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The Ceylon Olive
The ceylon olive (Elaeocarpus serratus) is an uncommon fruit that is occasionally cultivated here in Florida, though not extensively so outside its native range. Ripe in January through March and characterized by green, olive-like fruit that tastes pasty with an avocado-like quality.
This tree can be quite unpredictable and bear alternate bearings; however, this can be reduced with proper pruning techniques.
Early Life and Education
Today’s Ceylon boasts diverse traditions that reflect ancient India, while adapting its cultural legacy to meet local needs and aspirations.
The people are known for the way they dress and speak; preferring traditional forms of music and dance over contemporary ones.
Before 2000 BC, Ceylonese people enjoyed an advanced civilization and culture. Cultivated people, they practiced purity in diet, marriage and other aspects of daily living.
Women would wear a chemise made of lawn or muslin with a narrow collar and lace fichus around their neck, their hair was long and styled using a circular shell comb in front and they accessorized themselves with gold and silver jewelry.
Olive provides internal talent with programs for personal and professional development, including Choose Growth in Leadership and Women in Leadership programs that assist managers and talented individuals advance their careers.
Rooting studies conducted on softwood cuttings and air layers from hardwood branches indicate that wet summer weather is best suited to rooting softwood cuttings and air layers from hardwood branches, while results also demonstrate grafting as a viable propagation method for elite Ceylon Olive clones. Gallic acid and mearnsetin act as competitive-type inhibitors of mushroom tyrosinase enzyme activity while their ethyl acetate-soluble fractions exhibit promising antimelanogenesis effects in Zebrafish embryos.
Sir Oliver Goonetilleke amassed considerable wealth during his self-imposed exile in London through Lloyd’s and other investments. He died aged 82 in 1978.
Elaeocarpus serratus, more commonly referred to as the Ceylon olive or Indian olive, is native to Sri Lanka and other tropical parts of Asia. It produces egg-sized fruits that resemble large green avocados in appearance.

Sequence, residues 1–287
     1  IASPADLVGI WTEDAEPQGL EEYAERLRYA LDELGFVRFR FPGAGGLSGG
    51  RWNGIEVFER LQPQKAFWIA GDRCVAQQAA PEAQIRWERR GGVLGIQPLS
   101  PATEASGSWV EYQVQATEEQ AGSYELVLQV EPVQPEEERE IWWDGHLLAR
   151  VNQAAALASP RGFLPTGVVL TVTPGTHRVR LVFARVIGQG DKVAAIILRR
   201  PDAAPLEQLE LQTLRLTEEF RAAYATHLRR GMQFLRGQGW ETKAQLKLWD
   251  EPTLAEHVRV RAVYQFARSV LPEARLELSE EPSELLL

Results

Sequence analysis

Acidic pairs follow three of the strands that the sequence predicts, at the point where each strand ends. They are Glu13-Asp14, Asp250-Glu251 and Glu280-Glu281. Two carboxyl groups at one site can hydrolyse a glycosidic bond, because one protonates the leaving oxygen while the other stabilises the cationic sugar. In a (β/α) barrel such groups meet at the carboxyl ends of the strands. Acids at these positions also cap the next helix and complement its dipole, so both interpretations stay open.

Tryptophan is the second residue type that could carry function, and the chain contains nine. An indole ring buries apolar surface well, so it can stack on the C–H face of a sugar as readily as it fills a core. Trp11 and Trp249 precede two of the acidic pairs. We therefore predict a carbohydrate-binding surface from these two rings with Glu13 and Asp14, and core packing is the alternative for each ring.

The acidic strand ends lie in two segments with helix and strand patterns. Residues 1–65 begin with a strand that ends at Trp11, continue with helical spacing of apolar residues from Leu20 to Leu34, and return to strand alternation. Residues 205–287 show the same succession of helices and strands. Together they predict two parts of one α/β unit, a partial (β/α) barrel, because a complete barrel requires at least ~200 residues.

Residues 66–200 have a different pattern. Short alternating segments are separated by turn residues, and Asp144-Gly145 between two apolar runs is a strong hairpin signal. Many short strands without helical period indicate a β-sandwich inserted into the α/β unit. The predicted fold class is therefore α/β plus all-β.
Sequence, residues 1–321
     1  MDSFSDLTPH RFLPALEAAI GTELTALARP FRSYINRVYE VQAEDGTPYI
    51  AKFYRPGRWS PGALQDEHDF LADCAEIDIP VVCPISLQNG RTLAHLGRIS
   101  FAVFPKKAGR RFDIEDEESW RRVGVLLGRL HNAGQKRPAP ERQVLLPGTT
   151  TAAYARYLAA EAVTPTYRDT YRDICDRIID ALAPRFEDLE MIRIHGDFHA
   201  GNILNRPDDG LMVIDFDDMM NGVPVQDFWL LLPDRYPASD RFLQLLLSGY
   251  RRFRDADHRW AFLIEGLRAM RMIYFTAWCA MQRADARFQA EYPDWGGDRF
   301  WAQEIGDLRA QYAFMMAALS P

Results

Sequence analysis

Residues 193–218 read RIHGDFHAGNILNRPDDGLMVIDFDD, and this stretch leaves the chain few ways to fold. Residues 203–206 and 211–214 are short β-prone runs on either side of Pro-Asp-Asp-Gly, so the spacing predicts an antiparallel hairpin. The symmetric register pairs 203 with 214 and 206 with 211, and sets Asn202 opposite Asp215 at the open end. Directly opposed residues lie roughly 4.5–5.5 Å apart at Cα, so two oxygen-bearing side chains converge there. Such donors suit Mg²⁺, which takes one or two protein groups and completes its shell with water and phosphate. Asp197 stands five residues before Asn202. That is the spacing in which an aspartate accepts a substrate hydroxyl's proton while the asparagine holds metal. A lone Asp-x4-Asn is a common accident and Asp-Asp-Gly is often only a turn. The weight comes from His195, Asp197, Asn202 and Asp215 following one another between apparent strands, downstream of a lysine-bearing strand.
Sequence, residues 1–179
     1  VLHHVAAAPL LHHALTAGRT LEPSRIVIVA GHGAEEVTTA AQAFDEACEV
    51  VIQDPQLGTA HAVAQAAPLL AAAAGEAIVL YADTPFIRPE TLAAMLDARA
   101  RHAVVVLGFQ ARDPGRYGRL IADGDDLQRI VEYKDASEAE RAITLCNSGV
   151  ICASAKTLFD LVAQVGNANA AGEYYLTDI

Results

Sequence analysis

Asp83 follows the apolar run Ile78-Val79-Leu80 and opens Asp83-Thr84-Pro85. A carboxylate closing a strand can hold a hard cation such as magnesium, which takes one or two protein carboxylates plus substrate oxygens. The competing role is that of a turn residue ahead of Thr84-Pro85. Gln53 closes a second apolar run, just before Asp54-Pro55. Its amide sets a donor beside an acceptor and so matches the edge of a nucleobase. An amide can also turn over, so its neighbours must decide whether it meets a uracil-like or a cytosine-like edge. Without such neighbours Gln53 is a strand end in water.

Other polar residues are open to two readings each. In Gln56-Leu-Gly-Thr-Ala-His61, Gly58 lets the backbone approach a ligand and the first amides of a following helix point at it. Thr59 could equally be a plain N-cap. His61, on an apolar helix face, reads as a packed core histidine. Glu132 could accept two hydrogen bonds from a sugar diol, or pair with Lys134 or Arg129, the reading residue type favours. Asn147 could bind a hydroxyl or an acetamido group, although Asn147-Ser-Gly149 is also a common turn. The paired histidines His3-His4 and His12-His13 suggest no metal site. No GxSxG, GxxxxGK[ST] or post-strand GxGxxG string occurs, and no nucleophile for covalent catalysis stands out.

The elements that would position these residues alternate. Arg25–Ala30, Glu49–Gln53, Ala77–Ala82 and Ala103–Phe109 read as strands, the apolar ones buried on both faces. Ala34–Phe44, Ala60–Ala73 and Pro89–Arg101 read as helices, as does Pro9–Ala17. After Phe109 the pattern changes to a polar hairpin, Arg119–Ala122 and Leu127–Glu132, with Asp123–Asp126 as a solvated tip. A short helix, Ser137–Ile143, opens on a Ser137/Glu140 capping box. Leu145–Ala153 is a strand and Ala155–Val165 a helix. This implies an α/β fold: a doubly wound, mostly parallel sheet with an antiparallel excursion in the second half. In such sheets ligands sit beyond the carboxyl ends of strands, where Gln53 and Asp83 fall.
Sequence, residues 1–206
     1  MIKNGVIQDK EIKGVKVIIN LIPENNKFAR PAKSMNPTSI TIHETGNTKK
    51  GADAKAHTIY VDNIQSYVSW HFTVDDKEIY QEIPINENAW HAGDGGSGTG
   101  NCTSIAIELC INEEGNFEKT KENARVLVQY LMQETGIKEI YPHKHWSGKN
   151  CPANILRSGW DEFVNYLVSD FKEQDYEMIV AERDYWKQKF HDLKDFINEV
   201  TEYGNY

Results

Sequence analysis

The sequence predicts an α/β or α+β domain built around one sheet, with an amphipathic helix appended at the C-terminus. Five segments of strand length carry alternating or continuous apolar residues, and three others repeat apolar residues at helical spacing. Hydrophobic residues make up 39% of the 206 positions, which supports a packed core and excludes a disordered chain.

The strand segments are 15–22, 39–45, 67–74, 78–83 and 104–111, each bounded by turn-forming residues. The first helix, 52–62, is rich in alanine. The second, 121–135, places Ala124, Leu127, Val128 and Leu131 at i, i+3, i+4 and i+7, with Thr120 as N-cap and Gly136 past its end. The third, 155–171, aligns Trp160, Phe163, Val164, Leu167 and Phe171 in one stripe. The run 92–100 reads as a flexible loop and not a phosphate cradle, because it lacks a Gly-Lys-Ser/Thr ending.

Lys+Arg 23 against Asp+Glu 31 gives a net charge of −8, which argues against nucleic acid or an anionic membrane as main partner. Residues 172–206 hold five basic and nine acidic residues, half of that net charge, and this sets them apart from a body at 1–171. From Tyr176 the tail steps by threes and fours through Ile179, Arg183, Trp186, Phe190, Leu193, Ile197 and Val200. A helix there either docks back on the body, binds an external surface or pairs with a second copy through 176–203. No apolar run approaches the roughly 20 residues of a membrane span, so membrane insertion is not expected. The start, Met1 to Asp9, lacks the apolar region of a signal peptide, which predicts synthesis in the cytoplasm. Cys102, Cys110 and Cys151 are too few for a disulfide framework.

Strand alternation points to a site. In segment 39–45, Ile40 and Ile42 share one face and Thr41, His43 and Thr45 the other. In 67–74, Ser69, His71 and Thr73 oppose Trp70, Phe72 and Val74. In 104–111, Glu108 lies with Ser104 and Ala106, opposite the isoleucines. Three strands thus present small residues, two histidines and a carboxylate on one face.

Foodies have discovered an underrated ingredient, jalpai, which has made its way into luxurious hotels and restaurants worldwide. Chefs in Assam use jalpai in ice cream for an irresistibly citrusy treat while Manipuri tea brand Dweller Teas offers refreshing beverages featuring both jalpai and chorophon. In a recent study evaluating melanogenesis inhibition effect and antityrosinase activity of an ethanolic extract and its four soluble fractions found gallic acid and mearnsetin showed superior antityrosinase activity with mearnsetin having the highest activity among them all.
Elaeocarpus serratus’s tart-sweet fruit is one of the tropical table fruits to watch out for and is revered for its abundance of minerals, vitamins, and fiber. Furthermore, this tasty treat also boasts several antimicrobial compounds.
Primary investigations on Ceylon olive germplasm revealed a wide variation in terms of fruit size and shape as well as leaf characteristics. Air-layer rooting with 7.5mM IBA proved useful for medium-scale cloning of elite cultivars from this species.
25 accessions that excelled at fruit weight were selected; indirect selection was then performed to eliminate genotypes with low pulp content. These trees are well suited for cultivation in continuous patches of tropical and subtropical forest, groves and patchy fragmented cultivated areas; they may not perform well in open environments such as savannas or human settlements.